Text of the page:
Parenthood should be a choice, not an obligation.

One of the things I liked the most about this novella was how deeply it encouraged its readers to think about every aspect of being a parent before deciding to have kids. There are pros and cons to any decision someone might make about if, when, with whom, or how many children they want to have. What works marvelously for one person might be difficult to impossible for someone else for reasons ranging from health to finances to what sort of support system one might have among many other options, so it’s important to have a realistic view of both the joys and challenges of what parenthood entails beforehand.

Sometimes this went a little off-topic with stories that did not seem to be related to the decision to be childfree. As interesting as they were, it was also distracting for me as a reader to be led in those directions instead of digging more deeply into what other options exist when having children is taken off the menu. I would have preferred to have fewer digressions along the way even though I enjoyed getting to know the author along the way.

People who choose not to reproduce are often stereotyped as folks who hate children. I loved the way Ms. Metter pushed against that stereotype by describing why it’s important to ensure that every child has their needs met and the difference between enjoying the company of kids under certain circumstances and wanting to raise one or more of them for two decades or so. There are many other ways to inspire and look after the next generation, from being a teacher to volunteering with at-risk youth to becoming the fun aunt or uncle in the family who gives tired parents a much-needed break for a few hours, and her inclusion of such alternatives was helpful.

I’d recommend Still No Kids & Still Ok: A Childfree Humor Book to readers who would like to understand why some folks choose not to have children just as much as I would to readers who are childfree themselves.

My First Birding Adventure – North America by Elya Baird


My First Birding Adventure – North America by Elya Baird
Publisher: Self-Published
Genre: Middle Grade (8 – 12 y.o.), Non-Fiction, Contemporary
Rating: 5 Stars
Reviewed by Astilbe

Bring the world of birding indoors with My First Birding Adventure-North America!

My First Birding Adventure- North America was designed to replicate the outdoor birding experience. When outdoors, bird enthusiasts will go to various locations in nature, look for birds, and identify the birds they find using their field guide. This book brings the world of birding indoors as readers flip through nature scenes, search for birds, and identify them with the mini field guide at the back of the book.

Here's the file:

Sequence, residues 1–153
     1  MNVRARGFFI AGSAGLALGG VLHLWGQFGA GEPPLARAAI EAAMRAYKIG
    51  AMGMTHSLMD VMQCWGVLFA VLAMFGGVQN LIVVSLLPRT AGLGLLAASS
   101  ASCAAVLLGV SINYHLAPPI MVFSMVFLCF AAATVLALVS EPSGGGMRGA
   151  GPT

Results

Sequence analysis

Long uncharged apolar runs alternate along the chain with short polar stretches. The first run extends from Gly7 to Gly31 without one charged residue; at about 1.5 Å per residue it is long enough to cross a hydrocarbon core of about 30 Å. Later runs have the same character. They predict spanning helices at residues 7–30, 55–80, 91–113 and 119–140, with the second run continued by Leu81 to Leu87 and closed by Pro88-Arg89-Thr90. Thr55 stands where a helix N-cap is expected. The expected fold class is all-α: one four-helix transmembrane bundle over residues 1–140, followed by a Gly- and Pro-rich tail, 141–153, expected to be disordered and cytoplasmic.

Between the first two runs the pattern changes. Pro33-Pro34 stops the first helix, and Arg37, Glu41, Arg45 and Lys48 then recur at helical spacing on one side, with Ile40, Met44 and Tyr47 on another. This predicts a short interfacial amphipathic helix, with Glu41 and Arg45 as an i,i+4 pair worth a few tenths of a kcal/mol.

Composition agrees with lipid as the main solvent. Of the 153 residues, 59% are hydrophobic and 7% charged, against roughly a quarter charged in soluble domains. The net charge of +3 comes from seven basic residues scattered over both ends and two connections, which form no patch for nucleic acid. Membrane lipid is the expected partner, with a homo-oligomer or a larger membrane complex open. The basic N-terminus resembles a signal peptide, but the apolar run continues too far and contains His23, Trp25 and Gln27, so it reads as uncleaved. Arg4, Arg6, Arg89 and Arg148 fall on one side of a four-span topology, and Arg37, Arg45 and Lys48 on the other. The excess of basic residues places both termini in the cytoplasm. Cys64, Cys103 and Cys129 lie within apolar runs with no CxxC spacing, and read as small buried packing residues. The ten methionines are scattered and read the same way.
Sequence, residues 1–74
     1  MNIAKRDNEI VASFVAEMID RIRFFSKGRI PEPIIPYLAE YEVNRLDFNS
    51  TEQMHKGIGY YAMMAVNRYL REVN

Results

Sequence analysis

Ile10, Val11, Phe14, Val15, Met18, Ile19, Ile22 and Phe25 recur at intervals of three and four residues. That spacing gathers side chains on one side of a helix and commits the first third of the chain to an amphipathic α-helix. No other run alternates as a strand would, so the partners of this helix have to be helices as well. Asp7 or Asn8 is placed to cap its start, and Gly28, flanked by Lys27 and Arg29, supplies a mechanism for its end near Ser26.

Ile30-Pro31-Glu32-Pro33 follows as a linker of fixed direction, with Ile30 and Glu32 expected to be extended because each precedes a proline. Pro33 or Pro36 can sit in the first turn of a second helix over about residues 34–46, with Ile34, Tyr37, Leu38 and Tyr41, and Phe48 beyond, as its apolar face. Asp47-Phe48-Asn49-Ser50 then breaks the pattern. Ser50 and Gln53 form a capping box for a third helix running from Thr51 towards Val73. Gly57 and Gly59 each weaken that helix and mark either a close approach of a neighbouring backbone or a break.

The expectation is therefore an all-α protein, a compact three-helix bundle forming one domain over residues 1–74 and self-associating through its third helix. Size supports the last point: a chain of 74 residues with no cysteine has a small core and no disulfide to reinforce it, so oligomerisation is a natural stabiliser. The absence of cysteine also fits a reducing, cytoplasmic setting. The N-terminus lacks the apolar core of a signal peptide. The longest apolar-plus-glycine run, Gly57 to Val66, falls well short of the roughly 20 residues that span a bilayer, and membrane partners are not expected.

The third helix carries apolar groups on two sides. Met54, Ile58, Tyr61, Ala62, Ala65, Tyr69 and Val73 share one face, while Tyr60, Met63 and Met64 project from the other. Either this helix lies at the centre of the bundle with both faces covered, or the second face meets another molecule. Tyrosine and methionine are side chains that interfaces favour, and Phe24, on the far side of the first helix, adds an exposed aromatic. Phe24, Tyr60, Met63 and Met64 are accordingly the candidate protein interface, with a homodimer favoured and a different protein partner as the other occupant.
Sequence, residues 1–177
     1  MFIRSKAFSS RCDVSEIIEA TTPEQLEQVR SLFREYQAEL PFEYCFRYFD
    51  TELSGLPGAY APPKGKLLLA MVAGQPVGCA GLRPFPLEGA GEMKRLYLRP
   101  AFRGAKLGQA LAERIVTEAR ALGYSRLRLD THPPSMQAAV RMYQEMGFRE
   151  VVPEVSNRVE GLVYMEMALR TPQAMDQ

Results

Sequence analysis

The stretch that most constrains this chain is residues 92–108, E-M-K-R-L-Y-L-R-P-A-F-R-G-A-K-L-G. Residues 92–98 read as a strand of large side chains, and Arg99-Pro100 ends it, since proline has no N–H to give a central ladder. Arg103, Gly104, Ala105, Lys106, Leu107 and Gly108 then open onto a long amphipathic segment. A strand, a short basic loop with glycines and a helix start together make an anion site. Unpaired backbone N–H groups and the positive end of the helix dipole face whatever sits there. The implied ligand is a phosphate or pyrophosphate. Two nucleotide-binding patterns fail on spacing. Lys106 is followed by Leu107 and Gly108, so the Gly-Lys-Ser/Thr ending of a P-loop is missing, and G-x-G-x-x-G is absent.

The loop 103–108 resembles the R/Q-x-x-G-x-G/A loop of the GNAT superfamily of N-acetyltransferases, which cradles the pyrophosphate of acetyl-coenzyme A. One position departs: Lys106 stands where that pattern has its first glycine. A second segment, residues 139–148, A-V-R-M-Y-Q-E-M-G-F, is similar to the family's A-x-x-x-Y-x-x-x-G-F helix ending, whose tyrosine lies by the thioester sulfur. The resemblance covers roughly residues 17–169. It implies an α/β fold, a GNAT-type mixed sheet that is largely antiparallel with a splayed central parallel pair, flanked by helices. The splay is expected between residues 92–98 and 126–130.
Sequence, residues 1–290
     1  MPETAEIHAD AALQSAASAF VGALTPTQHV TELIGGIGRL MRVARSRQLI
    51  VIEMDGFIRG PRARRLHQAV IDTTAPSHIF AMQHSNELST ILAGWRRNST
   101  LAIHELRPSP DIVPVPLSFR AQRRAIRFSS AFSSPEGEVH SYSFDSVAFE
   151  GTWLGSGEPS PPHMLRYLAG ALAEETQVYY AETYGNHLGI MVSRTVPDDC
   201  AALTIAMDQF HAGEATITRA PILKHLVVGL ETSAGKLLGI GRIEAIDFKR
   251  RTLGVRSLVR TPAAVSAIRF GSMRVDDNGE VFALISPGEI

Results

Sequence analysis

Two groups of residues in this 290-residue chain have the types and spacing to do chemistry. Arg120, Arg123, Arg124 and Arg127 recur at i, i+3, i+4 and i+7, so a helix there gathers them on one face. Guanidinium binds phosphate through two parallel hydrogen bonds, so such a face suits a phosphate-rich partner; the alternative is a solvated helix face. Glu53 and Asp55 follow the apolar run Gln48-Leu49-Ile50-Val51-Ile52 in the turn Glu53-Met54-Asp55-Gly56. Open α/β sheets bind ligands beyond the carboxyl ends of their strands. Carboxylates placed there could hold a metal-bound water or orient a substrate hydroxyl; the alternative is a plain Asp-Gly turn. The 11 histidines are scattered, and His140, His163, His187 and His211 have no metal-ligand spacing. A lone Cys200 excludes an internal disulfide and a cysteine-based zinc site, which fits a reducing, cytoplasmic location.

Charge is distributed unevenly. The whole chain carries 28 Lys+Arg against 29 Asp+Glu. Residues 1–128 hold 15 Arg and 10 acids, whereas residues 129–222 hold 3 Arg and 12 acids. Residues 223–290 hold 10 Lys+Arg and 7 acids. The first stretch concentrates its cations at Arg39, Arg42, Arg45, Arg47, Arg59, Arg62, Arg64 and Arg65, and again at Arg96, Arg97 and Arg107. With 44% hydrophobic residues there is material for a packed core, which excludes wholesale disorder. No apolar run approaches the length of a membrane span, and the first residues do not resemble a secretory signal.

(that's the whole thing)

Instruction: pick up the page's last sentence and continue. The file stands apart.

Once the book is finished, complete the bonus activities or go outside with the field guide and see if you can find any of the birds in nature!

Calling all bird lovers as well as future fans of this hobby! I have quite the treat for you.

Bird watching requires patience and close attention to detail, so it only made sense that this picture book encourages both of those habits. This is something that is meant to be savored and returned to again and again as readers both young and old sharpen their identification skills. I’d recommend bringing it out on such excursions when possible in the beginning in order to have a quick reference for what to look for.

I liked the fact that Ms. Baird included so many hints about where to find this sort of wildlife, how to identify them, and how to tell the differences between males and females of the same species. This was a solid introduction to those topics that can easily be built upon as new bird watchers become more comfortable with quickly taking note of these things and learning how to identify lots of other types of birds, too.

The best portions were the ones that showed various nature settings and asked readers to quickly identify which birds they could see there and remember as much about them as possible. Sometimes one only has a moment or two to figure all of this stuff out in real life, so practicing ahead of time is an excellent way to get better at it while at a park, field, lake, or other natural setting. While it certainly isn’t possible to include every common type of bird in something like this, I thought the author picked a nice cross-section of possibilities for readers living in North America.

My First Birding Adventure – North America was exciting and informative.

Dance in the Meadow by Cathay O. Reta


Dance in the Meadow by Cathay O. Reta
Publisher: Keep Walking Publications
Genre: Contemporary, Inspirational, Non-Fiction